Graphic presentation astounds Nicollet High School students

April 14, 2011

Nicollet, MN - Through the combined efforts of parents, law enforcement agencies, educators, community leaders, and the private sector, our country has made significant progress in the fight against underage drinking and drunk driving. But there's more work to be done.

Firefighters/paramedics Patrick Kelly and Greg McCarty walked NHS students through situations that might lead to poor decisions, then to what happens at a trauma scene using the medical equipment they use in their jobs. Their "victim" was NHS senior Garrett Miller.

That was the message brought to Nicollet High School last week. Featuring photos and descriptions of real life trauma incidents, paramedics/firefighters Greg McCarty and Patrick Kelly brought the Street Smart program to Nicollet as part of the Stay Alive From Education (S.A.F.E.) program.

The paramedics underscored the importance of making responsible decisions and compelled the audience to participate. They didn't lecture ? they didn't have to. Instead, they presented a real life, no holds barred graphic view of everyday situations they face. And they involved the students in their presentation.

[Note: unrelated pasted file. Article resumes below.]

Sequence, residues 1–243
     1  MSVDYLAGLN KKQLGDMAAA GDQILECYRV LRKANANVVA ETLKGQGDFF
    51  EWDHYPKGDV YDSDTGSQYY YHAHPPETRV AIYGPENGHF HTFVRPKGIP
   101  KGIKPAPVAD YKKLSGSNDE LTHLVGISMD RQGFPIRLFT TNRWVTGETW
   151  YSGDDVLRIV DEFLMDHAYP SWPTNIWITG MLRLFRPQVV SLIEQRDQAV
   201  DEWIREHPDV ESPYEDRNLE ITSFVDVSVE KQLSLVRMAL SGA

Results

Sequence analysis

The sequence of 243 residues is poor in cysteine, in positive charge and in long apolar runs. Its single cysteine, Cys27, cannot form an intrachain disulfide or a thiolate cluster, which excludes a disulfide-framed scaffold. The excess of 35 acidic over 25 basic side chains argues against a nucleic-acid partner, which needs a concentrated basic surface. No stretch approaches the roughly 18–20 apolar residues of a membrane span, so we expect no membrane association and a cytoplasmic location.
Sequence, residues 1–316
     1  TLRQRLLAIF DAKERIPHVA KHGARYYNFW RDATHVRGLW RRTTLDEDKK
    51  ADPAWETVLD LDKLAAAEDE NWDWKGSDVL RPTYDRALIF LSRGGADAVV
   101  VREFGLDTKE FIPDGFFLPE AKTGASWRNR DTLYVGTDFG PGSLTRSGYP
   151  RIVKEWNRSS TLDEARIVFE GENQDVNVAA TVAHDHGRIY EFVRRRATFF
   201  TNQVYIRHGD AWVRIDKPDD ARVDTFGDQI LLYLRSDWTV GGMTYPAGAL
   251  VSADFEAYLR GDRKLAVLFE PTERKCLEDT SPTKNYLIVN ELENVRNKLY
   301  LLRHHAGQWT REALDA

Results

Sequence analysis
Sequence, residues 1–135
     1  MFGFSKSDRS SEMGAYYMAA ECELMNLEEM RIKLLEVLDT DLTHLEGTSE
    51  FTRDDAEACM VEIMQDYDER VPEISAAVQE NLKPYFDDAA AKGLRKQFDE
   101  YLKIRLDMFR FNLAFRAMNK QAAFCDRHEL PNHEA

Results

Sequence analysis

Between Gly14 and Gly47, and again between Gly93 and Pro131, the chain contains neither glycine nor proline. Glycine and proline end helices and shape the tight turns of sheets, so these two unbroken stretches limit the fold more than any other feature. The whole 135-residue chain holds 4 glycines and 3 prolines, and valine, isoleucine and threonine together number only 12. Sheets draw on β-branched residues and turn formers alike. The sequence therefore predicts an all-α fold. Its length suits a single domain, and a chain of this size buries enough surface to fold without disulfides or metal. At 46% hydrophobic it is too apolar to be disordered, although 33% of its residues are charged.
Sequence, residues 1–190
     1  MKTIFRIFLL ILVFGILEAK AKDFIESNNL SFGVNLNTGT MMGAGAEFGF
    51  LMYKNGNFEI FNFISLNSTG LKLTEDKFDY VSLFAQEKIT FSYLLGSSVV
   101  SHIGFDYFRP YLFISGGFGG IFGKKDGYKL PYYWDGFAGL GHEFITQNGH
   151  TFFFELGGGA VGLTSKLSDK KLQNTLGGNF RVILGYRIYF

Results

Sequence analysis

McCarty and Kelly noted that firefighters now respond to more medical and trauma calls than fire calls?and that the sudden, violent trauma calls are the type that affect the students' age group. Motor vehicle accidents are the leading cause of death in the 12 to 24 year-old age group.

Drugs, alcohol, and not wearing seat belts are the things most likely to cause those accidents.  With that said, the two presented a four-minute graphic video showing the results of making poor choices dealing with drugs and alcohol, and not wearing seat belts. Everyone pictured in the video died in horrendous circumstances.

Turning their attention to seatbelts, the two asked the students if they ever went anywhere in a car without wearing a seatbelt. When many admitted to not always being belted, McCarty and Kelly asked the students why, then debunked the excuses.

Unbelted drivers/passengers are often ejected in crashes and are 25 times more likely to die than those who are belted. The paramedics noted that unbelted back seat riders can become deadly weapons to those seated ahead of them, and even cause their death.

While airbags may save lives, they are a supplemental restraint system and only deploy once. Seatbelts can help in secondary collisions that follow the first impact. While fear of fire may be an excuse to not wear belts, Kelly noted that flames from a crash are usually put out before they reach the passenger compartment. And, whether it's fear of fire or being trapped in water, McCarty noted, "You have to survive the crash to get out of the car?you have to be conscious. A seat belt helps with that."